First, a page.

responsible? I’m sure I don’t need to go on. I suspect that this
natural fear is the main reason why so few people sincerely try to
live without free will. Like my Dad, they want to be good, and fear
that if they stop believing in a self who chooses to do the right
thing then they will run amok and all hell will break loose.
Is the fear justified?
I suspect not. Evolutionary psychology provides reasons why we want
to be good, such as nurturing instincts shaped by kin selection, and
the desire to earn brownie points in the game of reciprocal
altruism; memetics provides other reasons, showing how altruistic
memes can spread so successfully; and most of us have been trained
since early childhood to behave at least reasonably decently. So it
may just come naturally to us to want to be good, even though we so
often fail. If this is true, this common fear is no excuse to carry
on living in delusion.
Arguably some of our
most cruel and selfish behaviour is caused, or at least exacerbated,
by clinging to a false sense of an inner self who has consciousness
and free will, in which case we might even behave better, rather
than worse, if we could throw off the illusion. So it is by no means
obvious that giving up believing in free will must be morally
Another deep seated
fear is that we will fail to do anything at all, and lose all
motivation. I have frequently had students who thought this way,
“Why would I ever get up in the morning?” they ask. I suggest they
try the exercise and see what happens. What happens is that they lie
there and get bored. Then they need to go to the loo, and once in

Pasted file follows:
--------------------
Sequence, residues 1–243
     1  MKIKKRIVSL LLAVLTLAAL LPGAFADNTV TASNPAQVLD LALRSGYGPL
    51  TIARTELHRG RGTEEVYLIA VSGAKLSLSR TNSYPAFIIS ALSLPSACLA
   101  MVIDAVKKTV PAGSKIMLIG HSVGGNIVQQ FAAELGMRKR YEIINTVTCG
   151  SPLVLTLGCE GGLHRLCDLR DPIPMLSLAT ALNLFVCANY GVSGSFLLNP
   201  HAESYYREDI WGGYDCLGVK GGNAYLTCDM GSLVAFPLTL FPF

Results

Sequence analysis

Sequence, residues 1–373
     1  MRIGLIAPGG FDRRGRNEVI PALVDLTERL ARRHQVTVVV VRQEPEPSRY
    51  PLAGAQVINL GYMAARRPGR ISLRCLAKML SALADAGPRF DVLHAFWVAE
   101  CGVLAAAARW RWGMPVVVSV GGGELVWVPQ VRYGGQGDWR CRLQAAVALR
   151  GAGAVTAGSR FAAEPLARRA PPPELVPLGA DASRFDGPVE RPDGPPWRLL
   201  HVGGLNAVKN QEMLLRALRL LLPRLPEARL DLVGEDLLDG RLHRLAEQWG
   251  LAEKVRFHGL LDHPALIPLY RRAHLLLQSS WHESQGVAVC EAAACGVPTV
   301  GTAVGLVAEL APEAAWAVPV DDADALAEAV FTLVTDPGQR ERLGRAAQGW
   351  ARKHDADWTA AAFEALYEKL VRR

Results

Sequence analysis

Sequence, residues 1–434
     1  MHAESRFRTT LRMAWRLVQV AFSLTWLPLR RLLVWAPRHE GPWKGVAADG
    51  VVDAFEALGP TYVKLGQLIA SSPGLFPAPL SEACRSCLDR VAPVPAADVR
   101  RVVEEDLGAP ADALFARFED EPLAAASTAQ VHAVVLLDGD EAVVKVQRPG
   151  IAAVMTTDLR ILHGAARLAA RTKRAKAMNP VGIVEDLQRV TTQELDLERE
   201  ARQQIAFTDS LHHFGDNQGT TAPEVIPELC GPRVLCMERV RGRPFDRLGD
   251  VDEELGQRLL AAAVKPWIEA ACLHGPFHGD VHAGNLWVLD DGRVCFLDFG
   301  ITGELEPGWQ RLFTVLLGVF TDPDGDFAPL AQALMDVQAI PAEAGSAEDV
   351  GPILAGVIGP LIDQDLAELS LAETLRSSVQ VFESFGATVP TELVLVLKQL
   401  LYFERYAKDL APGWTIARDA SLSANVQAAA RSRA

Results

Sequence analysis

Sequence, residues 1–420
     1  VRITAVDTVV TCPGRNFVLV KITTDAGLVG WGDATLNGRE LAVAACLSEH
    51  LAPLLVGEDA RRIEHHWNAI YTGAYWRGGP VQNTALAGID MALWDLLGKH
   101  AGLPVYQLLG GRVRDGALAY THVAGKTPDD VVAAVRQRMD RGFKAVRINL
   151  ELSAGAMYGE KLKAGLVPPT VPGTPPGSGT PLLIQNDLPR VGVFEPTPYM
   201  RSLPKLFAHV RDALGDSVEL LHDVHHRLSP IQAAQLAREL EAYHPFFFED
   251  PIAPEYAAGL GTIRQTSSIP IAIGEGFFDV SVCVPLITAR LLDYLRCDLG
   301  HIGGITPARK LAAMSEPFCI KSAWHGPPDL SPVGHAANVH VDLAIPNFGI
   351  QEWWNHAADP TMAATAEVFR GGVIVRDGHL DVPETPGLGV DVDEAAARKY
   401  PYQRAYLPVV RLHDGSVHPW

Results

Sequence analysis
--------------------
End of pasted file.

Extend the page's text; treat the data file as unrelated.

the bathroom it seems nicer to have a shower and clean their teeth
than go back to bed. Then they get hungry. And so the day goes on
and things get done. In fact, if you keep practicing this way it
becomes increasingly obvious that the physical body you once thought
you inhabited does not need a driver or a ghostly supervisor.
Distributed through its multiple parallel systems are the instincts,
memories, control systems and skills of a lifetime that will ensure
its coordinated actions and appropriate responses. It really is OK
to trust in the universe and in one’s own spontaneous actions. Then
the feeling of free will simply loses its power.
My Dad stopped at his
question about goodness. Many people cannot accept his answer and
want to go further. But in my experience – and I’ve asked many
scientists and philosophers, as well as my own students – most
intellectually reject the reality of free will while carrying on
their lives “as if” it exists. Indeed, I have often been told that
it’s impossible to live one’s life without the illusion, and that
everyone who lives happily and sanely must live ‘as if’ they are
Whether you agree with
them or not, you will find this little book packed with exciting and
challenging thoughts on free will, from some of the greatest minds
of our time. Read it right through, or dip into it when you feel the
illusion of free will creeping over you, and I’m sure you’ll enjoy
it as much as I have.
'Living Happily and
Morally' (49-51), my contribution in the book, is a reprint of my
to the 2005 annual Edge question
on free will.
Buy this book